Chairman’s Opening Statement - Subcommittee on Federal Lands
Congressman McClintock is the chairman of the Subcommittee on Federal Lands. The subcommittee held a legislative hearing on June 15, 2017 on draft legislation of the Resilient Federal Forests Act of 2017 (Rep. Westerman). Congressman McClintock delivered the following opening statement:
Chairman’s Opening Statement
Subcommittee on Federal Lands
House Natural Resources Committee
June 15, 2017
Today the Subcommittee on Federal Lands meets to consider a draft of legislation to save and restore what remains of our federal forests after decades of neglect. This legislation is the result of the many hearings this subcommittee has conducted on this subject over the last four years, incorporating the advice of the top foresters in our country. We will begin with opening statements of the Chairman and ranking member.
As this Subcommittee has met to hear the testimony of foresters, scientists, legal experts, water agencies and many others, one consistent point was made: our federal forests are dying.
Up until the mid-1970’s, we managed our National Forests according to well-established and time-tested forest management practices. These practices, supported by sound science, managed the forests to prevent vegetation and wildlife from overgrowing the ability of the land to support it. Not only did this assure robust and healthy forests capable of resisting fire, disease and pestilence, it also supported a thriving economy. Revenues from the sale of excess timber, grazing and cabin permits, mining and recreational activities provided a steady stream of revenues to the treasury which could, in turn, be used to further improve the public lands.
But 40 years ago, we replaced these sound management practices with what can only be described as a doctrine of benign neglect. Ponderous, Byzantine laws and regulations administered by a growing cadre of ideological zealots in our land management agencies promised to “save the environment.” The advocates of this doctrine have dominated our law, our policies, our courts and our federal agencies ever since.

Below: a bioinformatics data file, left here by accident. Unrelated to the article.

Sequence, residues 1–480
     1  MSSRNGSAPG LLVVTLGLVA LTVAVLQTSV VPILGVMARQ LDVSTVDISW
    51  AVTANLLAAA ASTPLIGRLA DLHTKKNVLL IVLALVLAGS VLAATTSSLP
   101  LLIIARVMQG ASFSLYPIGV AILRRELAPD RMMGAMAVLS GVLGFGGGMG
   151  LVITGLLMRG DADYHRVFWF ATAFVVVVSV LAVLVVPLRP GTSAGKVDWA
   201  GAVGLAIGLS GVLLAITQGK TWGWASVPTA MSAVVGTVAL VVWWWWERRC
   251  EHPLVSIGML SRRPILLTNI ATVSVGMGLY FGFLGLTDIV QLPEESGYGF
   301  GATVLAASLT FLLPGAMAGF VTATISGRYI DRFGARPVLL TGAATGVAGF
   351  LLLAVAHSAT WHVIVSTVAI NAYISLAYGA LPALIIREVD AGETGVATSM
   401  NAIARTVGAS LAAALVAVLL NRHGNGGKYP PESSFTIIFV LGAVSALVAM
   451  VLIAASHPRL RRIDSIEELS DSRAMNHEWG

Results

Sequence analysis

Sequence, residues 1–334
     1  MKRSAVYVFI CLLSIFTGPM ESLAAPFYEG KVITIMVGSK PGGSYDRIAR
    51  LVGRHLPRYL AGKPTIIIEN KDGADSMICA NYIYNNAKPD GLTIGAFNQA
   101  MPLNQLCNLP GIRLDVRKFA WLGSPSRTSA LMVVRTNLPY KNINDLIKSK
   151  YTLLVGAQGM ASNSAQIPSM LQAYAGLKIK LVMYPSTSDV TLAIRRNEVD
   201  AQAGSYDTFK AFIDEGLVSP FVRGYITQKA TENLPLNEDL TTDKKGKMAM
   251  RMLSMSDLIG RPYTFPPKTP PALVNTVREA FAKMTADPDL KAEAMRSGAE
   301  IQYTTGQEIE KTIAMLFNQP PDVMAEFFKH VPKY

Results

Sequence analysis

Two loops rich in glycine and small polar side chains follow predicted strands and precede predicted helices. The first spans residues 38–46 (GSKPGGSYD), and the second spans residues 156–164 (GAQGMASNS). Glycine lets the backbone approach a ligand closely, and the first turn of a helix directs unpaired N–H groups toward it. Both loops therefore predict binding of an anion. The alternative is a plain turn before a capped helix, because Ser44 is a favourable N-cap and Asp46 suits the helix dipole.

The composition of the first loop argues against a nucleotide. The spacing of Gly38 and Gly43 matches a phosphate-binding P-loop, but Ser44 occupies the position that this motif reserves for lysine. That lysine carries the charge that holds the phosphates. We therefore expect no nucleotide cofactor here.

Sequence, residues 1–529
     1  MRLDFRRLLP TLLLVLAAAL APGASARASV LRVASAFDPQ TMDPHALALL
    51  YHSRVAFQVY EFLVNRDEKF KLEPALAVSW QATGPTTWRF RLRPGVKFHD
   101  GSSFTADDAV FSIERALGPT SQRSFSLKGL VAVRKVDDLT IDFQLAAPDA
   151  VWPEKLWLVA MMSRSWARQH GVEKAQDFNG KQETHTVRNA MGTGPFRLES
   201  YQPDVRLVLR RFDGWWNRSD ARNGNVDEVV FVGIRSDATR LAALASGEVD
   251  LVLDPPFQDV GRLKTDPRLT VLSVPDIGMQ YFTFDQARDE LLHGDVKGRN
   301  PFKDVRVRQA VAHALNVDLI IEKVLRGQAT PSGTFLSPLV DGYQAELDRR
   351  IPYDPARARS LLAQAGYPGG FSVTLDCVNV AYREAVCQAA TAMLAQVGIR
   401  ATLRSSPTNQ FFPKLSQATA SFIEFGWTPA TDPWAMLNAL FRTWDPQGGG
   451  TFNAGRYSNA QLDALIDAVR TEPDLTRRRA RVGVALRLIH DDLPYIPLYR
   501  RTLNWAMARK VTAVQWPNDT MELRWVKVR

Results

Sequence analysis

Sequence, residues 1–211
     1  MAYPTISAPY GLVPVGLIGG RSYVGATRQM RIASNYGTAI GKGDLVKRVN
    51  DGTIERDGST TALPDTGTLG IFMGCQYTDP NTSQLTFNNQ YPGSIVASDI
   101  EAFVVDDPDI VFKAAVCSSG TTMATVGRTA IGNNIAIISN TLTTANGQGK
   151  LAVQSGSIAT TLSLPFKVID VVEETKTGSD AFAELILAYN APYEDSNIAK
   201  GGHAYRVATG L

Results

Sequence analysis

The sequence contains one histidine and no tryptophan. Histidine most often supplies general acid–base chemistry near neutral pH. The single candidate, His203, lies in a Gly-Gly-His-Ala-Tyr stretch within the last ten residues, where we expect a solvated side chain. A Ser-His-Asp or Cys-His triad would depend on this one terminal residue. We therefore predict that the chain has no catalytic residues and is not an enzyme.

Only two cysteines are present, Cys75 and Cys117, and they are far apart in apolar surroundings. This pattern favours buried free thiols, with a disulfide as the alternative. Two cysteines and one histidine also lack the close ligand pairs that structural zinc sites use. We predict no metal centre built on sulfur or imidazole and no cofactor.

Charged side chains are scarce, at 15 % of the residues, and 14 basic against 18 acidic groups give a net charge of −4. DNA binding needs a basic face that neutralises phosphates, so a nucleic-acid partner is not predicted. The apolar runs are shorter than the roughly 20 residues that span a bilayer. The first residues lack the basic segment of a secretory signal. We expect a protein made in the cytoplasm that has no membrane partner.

These policies have been weighed by experience and found wanting: not only have they decimated the economy – they have immeasurably damaged the environment.
Surplus timber harvested from of our national forests has dropped dramatically since the 1980’s, while acreage destroyed by forest fire increased concurrently. Wildlife habitats that were supposed to be preserved are now being incinerated. Precipitation that once flowed to riparian habitats now evaporates in overgrown canopies or is quickly claimed in the fierce competition of densely packed vegetation. We have lost vast tracts of national forests to beetle infestations as weakened trees can no longer resist their attacks.
Revenues that our forest management agencies once produced – and that facilitated our forest stewardship – have all but dried up. This has devastated rural communities that once thrived from the forest economy, while precious resources are diverted for life-line programs like Secure Rural Schools. Despite a growing population, visitation to our national forests has declined significantly as the health of our forests has decayed. We can no longer manage lands to prevent fire or even salvage dead timber once fire has destroyed it.
Appeals, lawsuits and especially the threat of lawsuits has paralyzed and demoralized the Forest Service and created perverse incentives to ‘do nothing.’
Worse, the steadily deteriorating situation is forcing managers to raid forest treatment and fire prevention funds to pay for the growing costs for wildfire suppression, creating a death spiral – the more we raid prevention funds the more wildfires we have; the more wildfires we have, the more we raid prevention funds.
By all accounts, our private lands are conspicuously healthier than the public lands precisely because they are freed from so many of the laws that are tying the hands of our public foresters. These policies may be making environmental law firms rich, but they are killing our National Forests.
The legislation before us is the first step toward restoring sound, rational and scientific management of our national forests. I want particularly to single out the work of our colleague and resident forester, Mr. Westerman of Arkansas, for his work in advancing reforms in this bill.
It requires forest managers to consider the cost of no action alternatives; it streamlines fire and disease prevention programs and assures that fire-killed timber can be quickly removed to create both revenues and room to restore fire-damaged lands. It streamlines onerous environmental review processes without sacrificing environmental protection and provides forest managers with alternatives to resolve frivolous lawsuits.
This draft seeks to provide the Forest Service with tools they can use immediately, building on existing authorities from the 2014 Farm Bill that have been successfully implemented.
The management of the public lands is OUR responsibility. For 40 years, we have experimented with laws that have proven disastrous to the health of our forests, the preservation of our wildlife, and the economies of our communities. THAT is on us. And THAT is about to change.